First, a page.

But of course it doesn’t deal with the here and now, it doesn’t deal with the terrible things that have happened since February with on-going violation of the Agreement in that regard, but we mustn’t just take this snapshot, we have to see this as a process, as a progression. If we are still in the same position this time next year then I think we’ll have very serious concerns because then it will be demonstrable that there’s been no progression but I think that as a nation we have to wait for this land audit to take place and see what that yields.

Another crucial factor in this regard is the issue of governors. As we know from the history of the last ten years, the governors have largely and have often been those responsible for the coordination of the implementation of Zanu-PF’s land reform programme and I think that it’s going to be a very interesting exercise to see what happens in those provinces which have MDC governors, to see whether these abuses will continue. I think that they will slow down if not stop altogether.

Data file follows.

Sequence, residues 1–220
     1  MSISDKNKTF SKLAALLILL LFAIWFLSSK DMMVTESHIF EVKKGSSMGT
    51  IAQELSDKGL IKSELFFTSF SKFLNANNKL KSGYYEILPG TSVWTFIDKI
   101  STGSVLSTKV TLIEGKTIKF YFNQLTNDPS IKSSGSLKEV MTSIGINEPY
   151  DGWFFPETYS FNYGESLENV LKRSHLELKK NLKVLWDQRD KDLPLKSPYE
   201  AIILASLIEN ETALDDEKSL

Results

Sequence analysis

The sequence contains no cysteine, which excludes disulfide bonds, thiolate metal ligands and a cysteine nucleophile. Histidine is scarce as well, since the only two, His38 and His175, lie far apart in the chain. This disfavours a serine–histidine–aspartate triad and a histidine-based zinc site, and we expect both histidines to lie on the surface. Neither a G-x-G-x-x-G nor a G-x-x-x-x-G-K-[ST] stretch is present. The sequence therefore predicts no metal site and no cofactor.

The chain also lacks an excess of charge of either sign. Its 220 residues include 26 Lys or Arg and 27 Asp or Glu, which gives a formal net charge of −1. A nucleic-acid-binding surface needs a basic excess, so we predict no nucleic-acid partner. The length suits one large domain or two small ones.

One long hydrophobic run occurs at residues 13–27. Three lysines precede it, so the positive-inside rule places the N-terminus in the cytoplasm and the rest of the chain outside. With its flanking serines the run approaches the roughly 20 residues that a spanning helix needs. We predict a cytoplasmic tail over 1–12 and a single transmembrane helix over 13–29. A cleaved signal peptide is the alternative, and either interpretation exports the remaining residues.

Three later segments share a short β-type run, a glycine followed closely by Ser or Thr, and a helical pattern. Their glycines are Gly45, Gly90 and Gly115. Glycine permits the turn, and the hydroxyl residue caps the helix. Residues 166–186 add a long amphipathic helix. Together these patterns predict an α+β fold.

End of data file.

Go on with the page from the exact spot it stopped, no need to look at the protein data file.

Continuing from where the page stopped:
GONDA: What about SADC’s role in this? We saw the Prime Minister travelling to South Africa to complain about some of these unresolved issues that you mentioned, but when are we going to see movement from SADC?